She who trod close to hidden worlds where God is,
That she might have, and hold, and see thee first.

I would be she who stirred the vague, fond fancies
Of thy still childish heart; who through bright days
Went sporting with thee in the old-time plays,
And caught the sunlight of thy boyish glances
In half-forgotten and long-buried Mays.

Forth to the end, and back to the beginning,
My love would send its inundating tide,
Wherein all landmarks of thy past should hide.
If thy life’s lesson MUST be learned through sinning,
My grieving virtue would become thy guide.

For I would share the burden of thy errors,
So when the sun of our brief life had set,
If thou didst walk in darkness and regret,
E’en in that shadowy world of nameless terrors,
My soul and thine should be companions yet.

And I would cross with thee those troubled oceans
Of dark remorse whose waters are despair:
All things my jealous, reckless love would dare,
So that thou mightst not recollect emotions
In which it did not have a part and share.

There is no limit to my love’s full measure,
It’s spirit-gold is shaped by earth’s alloy;
I would be friend and mother, mate and toy,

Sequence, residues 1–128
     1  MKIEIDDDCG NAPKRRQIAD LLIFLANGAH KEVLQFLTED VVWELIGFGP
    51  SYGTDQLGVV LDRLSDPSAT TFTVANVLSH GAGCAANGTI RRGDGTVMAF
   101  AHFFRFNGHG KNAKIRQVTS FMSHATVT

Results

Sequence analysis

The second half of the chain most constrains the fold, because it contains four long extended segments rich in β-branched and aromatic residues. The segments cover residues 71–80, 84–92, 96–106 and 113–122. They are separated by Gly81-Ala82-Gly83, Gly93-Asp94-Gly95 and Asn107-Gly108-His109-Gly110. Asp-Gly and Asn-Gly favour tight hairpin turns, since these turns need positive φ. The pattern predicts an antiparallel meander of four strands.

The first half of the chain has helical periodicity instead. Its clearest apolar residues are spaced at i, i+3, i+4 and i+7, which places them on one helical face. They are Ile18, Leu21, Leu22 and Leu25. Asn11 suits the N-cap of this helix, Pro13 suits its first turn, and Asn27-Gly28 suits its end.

I’d have thee look to me for every pleasure,
And in me find all memories of joy.

Yet though I love thee in such selfish fashion,
I would wait on thee, sitting at thy feet,
And serving thee, if thou didst deem it meet.
And couldst thou give me one fond hour of passion,
I’d take that hour and call my life complete.

Ella Wheeler Wilcox

Thoughts

What kind of thoughts now, do you carry
In your travels day by day
Are they bright and lofty visions,
Or neglected, gone astray?

Matters not how great in fancy,
Or what deeds of skill you’ve wrought;
Man, though high may be his station,
Is no better than his thoughts.

Catch your thoughts and hold them tightly,
Let each one an honor be;
Purge them, scourge them, burnish brightly,
Then in love set each one free.

Myra Viola Wilds

Attraction

The meadow and the mountain with desire
Gazed on each other, till a fierce unrest